The Jews knew what Paul had been at Jerusalem and knew why he had come to Damascus. And now they saw him contradicting the whole previous course of his life. Yet it was evident that his conduct was not the result of a wayward and irregular impulse. Paul's convictions never hesitated, his energy grew continually stronger, as he strove in the synagogues, maintaining the truth against the Jews, and proving that Jesus was the Messiah (Acts 9:22).
The period of the first teachings of Paul, at Damascus, does not seem to have lasted long before he had to quickly leave for Arabia. Indeed, it is evident that his life could not have been safe, had he remained. The fury of the Jews, when they had recovered from their first surprise, must have been excited to the utmost pitch. They would soon have received a new commissioner from Jerusalem armed with full powers to supersede and punish one whom they must have regarded as the most faithless of apostates.
From an unguarded part of the wall that surrounded Damascus, in the darkness of the night, probably where some overhanging houses, as is usual in Eastern cities, opened upon the outer country, they let Paul down from a window in a basket. There was something of humiliation in this mode of escape, and this, perhaps, is the reason why, in a letter written fourteen years afterwards, he specifies the details, "glorying in his infirmities," when he is about to speak of "his visions and revelations of the Lord."
Paul hurriedly but quietly left Damascus, but not to immediately return to Jerusalem. His destination was Arabia, where he was to spend three years being taught directly by Jesus Christ (Galatians 1:11 - 12, 15 - 18).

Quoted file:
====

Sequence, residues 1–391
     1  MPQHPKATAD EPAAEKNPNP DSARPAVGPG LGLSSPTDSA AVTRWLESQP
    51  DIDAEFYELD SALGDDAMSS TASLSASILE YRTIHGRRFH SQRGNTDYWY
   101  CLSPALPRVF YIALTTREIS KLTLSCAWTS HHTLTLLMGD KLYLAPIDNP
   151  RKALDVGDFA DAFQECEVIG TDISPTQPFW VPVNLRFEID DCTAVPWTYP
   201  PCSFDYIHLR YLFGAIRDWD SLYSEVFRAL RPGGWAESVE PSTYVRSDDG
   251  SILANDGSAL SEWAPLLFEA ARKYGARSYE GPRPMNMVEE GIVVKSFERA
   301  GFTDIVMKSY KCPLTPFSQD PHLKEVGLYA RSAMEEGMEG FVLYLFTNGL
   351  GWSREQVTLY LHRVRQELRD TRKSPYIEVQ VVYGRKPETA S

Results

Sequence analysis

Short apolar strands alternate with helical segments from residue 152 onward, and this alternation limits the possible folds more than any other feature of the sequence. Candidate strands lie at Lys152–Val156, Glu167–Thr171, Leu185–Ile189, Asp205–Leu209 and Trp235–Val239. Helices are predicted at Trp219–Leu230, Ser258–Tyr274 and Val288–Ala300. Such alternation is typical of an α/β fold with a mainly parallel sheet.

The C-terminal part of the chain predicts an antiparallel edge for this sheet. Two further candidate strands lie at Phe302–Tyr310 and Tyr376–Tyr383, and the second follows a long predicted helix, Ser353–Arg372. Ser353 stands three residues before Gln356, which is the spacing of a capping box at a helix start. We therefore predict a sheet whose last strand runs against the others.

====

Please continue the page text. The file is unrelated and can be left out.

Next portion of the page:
Many questions have been raised concerning Paul's journey into Arabia. The first question relates to the meaning of the word. From the time when the word "Arabia" was first used by any of the writers of Greece or Rome, it has always been a term of vague and uncertain import. Sometimes it includes Damascus, sometimes it ranges over the Lebanon itself, and extends even to the borders of Cilicia.
The native geographers usually reckon that stony district, of which Petra was the capital, as belonging to Egypt, and that wide desert towards the Euphrates, where the Bedouins of all ages have lived in tents, as belonging to Syria, and have limited the name to the Peninsula between the Red Sea and the Persian Gulf, where Jemen, or "Araby the Blest" is secluded on the south.
In the threefold division of Ptolemy, which remains in our popular language when we speak of this still untraveled region, both the first and second of these districts were included under the name of the third. And we must suppose Paul to have gone into one of the former, either that which touched Syria and Mesopotamia, or that which touched Palestine and Egypt. If he went into the first, we need not suppose him to have traveled far from Damascus. For though the strong powers of Syria and Mesopotamia might check the tribes of Arabia, and retrench the name in this direction, yet the Gardens of Damascus were on the verge of the desert, and the city was almost as much an Arabian as a Syrian town.
And if Paul went into Petrsean Arabia, there still remains the question of his motive for the journey, and his employment when there. He could have went to preach the Gospel, and then, in the synagogues of that singular capital, which was built amidst the rocks of Edom, whence "Arabians" came to the festivals at Jerusalem (Acts 2:11) he testified of Jesus. Or, more likely, he went for the purpose of contemplation and solitary communion with God, to deepen his repentance and fortify his soul with prayer.